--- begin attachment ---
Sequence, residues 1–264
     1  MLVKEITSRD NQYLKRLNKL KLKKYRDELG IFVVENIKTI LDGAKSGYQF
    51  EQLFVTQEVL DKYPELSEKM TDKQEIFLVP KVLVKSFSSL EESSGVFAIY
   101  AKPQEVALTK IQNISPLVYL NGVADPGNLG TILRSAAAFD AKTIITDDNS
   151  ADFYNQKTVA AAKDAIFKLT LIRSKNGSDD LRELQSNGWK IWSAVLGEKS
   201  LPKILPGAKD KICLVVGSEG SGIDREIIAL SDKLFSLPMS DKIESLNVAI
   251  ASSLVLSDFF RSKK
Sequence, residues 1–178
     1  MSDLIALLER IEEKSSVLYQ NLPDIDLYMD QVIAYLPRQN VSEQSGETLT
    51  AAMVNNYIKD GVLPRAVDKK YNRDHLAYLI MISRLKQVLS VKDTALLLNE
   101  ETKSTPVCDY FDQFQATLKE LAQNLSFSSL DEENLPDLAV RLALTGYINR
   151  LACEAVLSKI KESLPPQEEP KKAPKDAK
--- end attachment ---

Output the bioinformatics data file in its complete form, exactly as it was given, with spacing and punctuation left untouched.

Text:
Sequence, residues 1–264
     1  MLVKEITSRD NQYLKRLNKL KLKKYRDELG IFVVENIKTI LDGAKSGYQF
    51  EQLFVTQEVL DKYPELSEKM TDKQEIFLVP KVLVKSFSSL EESSGVFAIY
   101  AKPQEVALTK IQNISPLVYL NGVADPGNLG TILRSAAAFD AKTIITDDNS
   151  ADFYNQKTVA AAKDAIFKLT LIRSKNGSDD LRELQSNGWK IWSAVLGEKS
   201  LPKILPGAKD KICLVVGSEG SGIDREIIAL SDKLFSLPMS DKIESLNVAI
   251  ASSLVLSDFF RSKK
Sequence, residues 1–178
     1  MSDLIALLER IEEKSSVLYQ NLPDIDLYMD QVIAYLPRQN VSEQSGETLT
    51  AAMVNNYIKD GVLPRAVDKK YNRDHLAYLI MISRLKQVLS VKDTALLLNE
   101  ETKSTPVCDY FDQFQATLKE LAQNLSFSSL DEENLPDLAV RLALTGYINR
   151  LACEAVLSKI KESLPPQEEP KKAPKDAK